About two weeks ago, I was scheduled to record an interview with David Schirduan, but due to the recent catastrophic storms we suffered in South Carolina, I had to cancel that interview to work on my house. This “text-based” interview is the natural progression of my commitment to honor the canceled interview. David happens to live locally and we have met and chatted on several occasions. His newest game design, Mythic Mortals, just launched on Kickstarter. David provides some great insight into his game, his design choices and who he is as a designer and person.
B: Let’s start off by telling our readers about Technical Grimoire. What type of games do you design and for what genres?
DS: Technical Grimoire started as a school project to maintain and update a regular blog for 6 months. I hated it at first. Now, the Technical Grimoire is where I go when I need to create. I see it as less of a game store, and more of a workshop. I’m always working on my games, writing blog posts, fiddling with programming, or just exploring new ideas.
Right now, most of my games are pretty short, light on mechanics, and big on themes.
- Welcome Minions is a cooperative game of scheming and backstabbing. Players must find the line between working together and getting ahead.
- Jedi Wushu is a star wars hack of Wushu by Daniel Bayne, allowing players to create intricate and amazing fight scenes in the Star Wars universe.
- Goodbye, Mr. Dragonfly is a word-letter game that allows families to tell stories together.
- Kintsugi is a game where you design and create your characters as you play. The whole game fits on ½ a page of paper.
- Hashtag: Trending is a simple card game of Social Manipulation.
- And Mythic Mortals, my newest and largest game, is about playing as your real-world self suddenly granted incredible abilities and powers.
If you find a pattern amongst my games let me know, but I’d like to think I’m dipping my toes in a bunch of different styles and genres.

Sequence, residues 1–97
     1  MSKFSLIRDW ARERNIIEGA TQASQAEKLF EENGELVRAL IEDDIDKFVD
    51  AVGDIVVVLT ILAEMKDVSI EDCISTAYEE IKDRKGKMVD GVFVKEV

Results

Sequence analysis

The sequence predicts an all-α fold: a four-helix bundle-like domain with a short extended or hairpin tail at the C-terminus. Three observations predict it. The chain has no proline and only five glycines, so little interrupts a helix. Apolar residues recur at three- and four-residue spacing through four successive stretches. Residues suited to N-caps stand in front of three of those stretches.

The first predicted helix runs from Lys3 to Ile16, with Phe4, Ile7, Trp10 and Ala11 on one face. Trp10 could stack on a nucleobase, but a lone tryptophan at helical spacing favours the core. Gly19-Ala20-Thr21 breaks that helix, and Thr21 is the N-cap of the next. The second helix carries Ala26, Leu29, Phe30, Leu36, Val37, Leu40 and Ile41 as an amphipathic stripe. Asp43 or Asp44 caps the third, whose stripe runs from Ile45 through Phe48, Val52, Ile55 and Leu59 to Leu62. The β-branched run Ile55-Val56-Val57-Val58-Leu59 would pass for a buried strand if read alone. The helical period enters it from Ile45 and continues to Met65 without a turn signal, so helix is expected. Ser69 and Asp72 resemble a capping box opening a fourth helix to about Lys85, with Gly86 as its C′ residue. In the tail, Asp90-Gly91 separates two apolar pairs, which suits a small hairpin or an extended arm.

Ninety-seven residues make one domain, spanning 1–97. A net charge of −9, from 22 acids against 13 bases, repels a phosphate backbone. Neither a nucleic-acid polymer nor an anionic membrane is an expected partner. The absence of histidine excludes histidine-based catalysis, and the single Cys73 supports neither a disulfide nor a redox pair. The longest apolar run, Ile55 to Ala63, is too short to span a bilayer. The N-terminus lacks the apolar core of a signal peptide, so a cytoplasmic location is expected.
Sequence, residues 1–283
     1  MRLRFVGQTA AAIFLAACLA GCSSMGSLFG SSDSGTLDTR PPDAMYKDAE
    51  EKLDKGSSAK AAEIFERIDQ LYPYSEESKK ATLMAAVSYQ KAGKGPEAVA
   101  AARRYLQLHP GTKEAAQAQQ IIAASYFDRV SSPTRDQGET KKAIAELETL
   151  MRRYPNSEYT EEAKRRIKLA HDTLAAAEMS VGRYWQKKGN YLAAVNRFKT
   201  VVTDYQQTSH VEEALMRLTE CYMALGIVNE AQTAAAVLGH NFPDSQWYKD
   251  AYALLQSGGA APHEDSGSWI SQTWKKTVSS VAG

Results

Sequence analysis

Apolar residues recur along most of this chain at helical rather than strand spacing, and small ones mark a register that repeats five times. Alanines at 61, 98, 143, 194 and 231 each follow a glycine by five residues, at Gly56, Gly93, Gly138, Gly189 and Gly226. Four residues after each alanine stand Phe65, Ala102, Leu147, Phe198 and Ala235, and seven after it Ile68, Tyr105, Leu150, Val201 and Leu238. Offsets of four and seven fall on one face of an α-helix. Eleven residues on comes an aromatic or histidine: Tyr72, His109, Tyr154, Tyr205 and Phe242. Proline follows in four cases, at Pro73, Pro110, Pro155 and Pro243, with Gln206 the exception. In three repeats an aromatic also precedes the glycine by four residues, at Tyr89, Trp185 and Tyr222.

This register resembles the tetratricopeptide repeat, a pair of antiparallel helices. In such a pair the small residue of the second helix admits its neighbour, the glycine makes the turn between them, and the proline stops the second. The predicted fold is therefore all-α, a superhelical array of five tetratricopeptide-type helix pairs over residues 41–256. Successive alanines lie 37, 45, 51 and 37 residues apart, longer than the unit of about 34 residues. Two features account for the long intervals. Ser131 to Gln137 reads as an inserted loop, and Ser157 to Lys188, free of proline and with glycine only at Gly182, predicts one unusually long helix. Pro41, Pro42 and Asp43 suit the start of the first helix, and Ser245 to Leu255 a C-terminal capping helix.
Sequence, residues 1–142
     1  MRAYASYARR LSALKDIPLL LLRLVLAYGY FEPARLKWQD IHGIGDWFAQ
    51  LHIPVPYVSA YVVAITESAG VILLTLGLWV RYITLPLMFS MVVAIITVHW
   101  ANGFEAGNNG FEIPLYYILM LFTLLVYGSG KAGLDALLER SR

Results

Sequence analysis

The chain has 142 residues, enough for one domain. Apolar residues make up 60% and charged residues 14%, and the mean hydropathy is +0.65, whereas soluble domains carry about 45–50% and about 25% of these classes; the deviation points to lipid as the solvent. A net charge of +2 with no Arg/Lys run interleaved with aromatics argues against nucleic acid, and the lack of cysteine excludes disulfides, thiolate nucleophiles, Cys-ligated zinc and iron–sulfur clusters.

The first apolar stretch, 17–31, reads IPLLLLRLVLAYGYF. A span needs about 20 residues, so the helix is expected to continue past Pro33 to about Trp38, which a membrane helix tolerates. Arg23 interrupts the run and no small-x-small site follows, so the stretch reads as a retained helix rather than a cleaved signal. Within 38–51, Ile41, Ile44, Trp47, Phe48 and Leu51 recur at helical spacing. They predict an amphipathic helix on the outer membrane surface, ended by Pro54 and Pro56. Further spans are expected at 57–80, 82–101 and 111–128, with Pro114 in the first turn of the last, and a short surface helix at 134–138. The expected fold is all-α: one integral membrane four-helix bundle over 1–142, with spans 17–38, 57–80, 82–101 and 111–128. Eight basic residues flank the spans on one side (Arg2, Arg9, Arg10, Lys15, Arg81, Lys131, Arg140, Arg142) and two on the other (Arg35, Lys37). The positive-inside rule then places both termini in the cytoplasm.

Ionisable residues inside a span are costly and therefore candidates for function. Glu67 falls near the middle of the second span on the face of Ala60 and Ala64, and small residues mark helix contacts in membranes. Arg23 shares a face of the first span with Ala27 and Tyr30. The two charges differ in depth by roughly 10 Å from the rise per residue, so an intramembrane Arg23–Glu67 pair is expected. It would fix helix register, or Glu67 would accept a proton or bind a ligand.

RB: Mythic Mortals, what is it and what sets it apart from other games currently on the market?
DS: Mythic Mortals is a Tabletop RPG with a heavy focus on action-packed combat. It’s easiest to just give a bullet points of my favorite qualities about Mythic Mortals.
- Mythic Mortals uses cards and dice to customize your character. No pencils or text boxes; playing it is a unique tactile experience.
- Rather than unlocking abilities as your level up, you start out with all of your powers, only some of which you can have active at a time. It’s more about the combinations of abilities than simply learning the best spells.
- Character creation and setting up take seconds: your home-town is overrun with monsters. You play as yourself with incredible powers and legendary weapons. GO!
- The fictional state of your character is directly connected to the state of the player. In the beginning, you’re learning how to play the game and control your cards, while at the same time your character is learning to control their shifting abilities.
- The game is all about controlling your powers, creating a unique situation where you are always rolling against yourself. GMs don’t set difficulty levels, making the game really fast and easy to run. Players always know what they have to beat, and if a failure occurs, it’s temporary.
- Your weapons, powers, and strengths shift constantly, forcing you to adapt the cards to your situation. Maybe you started out sniping foes from afar, but when your bow turns into a sword, it’s time to wade into the fray.
RB: How does Mythic Mortals model the ability for a player to play themselves? Is there anything special, mechanically, that has to be addressed during character creation?
DS: Although you play as yourself, you must still select what kinds of powers you have by choosing a class. Your class shows all of your potential powers, and how you combine those powers may be completely different from how someone else would combine them.